Roads blockade paralyses routine life in twin cities

ISLAMABAD/Rawalpindi – Routine life in Islamabad and Rawalpindi got paralysed on Wednesday due to placement of containers by the government to block roads ahead of PTI long march.

The road blockade brought many areas of twin cities to almost a standstill as all educational institutes and business centers remained closed. The traffic on the roads remained thin, while, Metro Bus service between Rawalpindi was already suspended for two days.

Citizens faced trouble because of placement of containers on main arteries between Rawalpindi and Islamabad. Government, corporate offices, courts, and markets opened but the attendance was thin. Passengers landing at the Islamabad airport also suffered as their relatives could not reach to pick them up from the airport. Likewise, citizens failed in taking patients to hospitals. Use of tear gas shells by police against protestors also caused problems for people residing near Murree Road and Blue Area.

“This is ridiculous,” said Shakir Khan, an expatriate, while talking to The Nation at the airport. He said he arrived from Sharjah at 7am but his family was stuck at Hassanabdal where heavy containers had been placed by government.

He said the government and the opposition should resolve the differences through dialogue.

Shahzaib Ali, a government officer, said that he could not go to office because of road closure in Islamabad. He said all the roads leading to the Red Zone and Parliament House have been sealed.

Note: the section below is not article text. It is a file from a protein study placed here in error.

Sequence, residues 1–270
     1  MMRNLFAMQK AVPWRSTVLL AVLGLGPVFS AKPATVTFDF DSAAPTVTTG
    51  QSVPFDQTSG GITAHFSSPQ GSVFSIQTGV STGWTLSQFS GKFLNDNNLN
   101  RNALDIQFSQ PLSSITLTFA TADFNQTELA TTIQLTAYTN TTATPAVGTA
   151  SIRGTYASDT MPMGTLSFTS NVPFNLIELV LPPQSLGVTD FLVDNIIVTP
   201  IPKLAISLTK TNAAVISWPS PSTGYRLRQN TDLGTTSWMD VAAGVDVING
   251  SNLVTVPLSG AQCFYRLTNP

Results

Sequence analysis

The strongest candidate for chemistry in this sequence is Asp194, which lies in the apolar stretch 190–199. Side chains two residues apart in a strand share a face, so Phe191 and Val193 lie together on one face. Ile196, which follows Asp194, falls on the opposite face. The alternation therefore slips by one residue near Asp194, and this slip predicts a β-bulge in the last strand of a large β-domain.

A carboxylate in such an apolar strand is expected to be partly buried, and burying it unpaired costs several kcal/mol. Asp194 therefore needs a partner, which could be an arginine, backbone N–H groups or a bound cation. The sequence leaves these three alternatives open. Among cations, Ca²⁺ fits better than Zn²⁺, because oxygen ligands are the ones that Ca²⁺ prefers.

“We are facing a shortage of daily use items as we cannot go outside due to scuffle between police and protestors,” said Wasif Chaudhry, a resident of Liaquat Bagh. He said the government should immediately remove the containers from roads in a bid to return to normalcy.

A senior official of local administration told The Nation that the placement of containers at entry points of the city was done as a preventive measure to avoid any untoward situation in the city. He said that the police pickets were already established and they had been asked to stay vigilant to avoid any untoward situation.

“We listened to the reports of clashes between PTI workers and police in Lahore but the situation was normal till the evening. We remained present in the bazaar and opened shops but the number of customers was less,” said Sharjeel Mir, Rawalpindi Traders Association President.

He said that most people were facing price hike and they had no time to be part of such activities in the city.

He said that the business community carried out routine business in the city. “We suffered a lot during the last two years due to Covid-19 and it was not possible for us to allow any strikes,” he said.

“Traders are against protests and rallies in the city as it affects their business. We had already asked the government to allocate space for the protesters so that they do not disturb routine business in the markets,” he said.

This website uses cookies to improve your experience. We'll assume you're ok with this, but you can opt-out if you wish. Accept Read More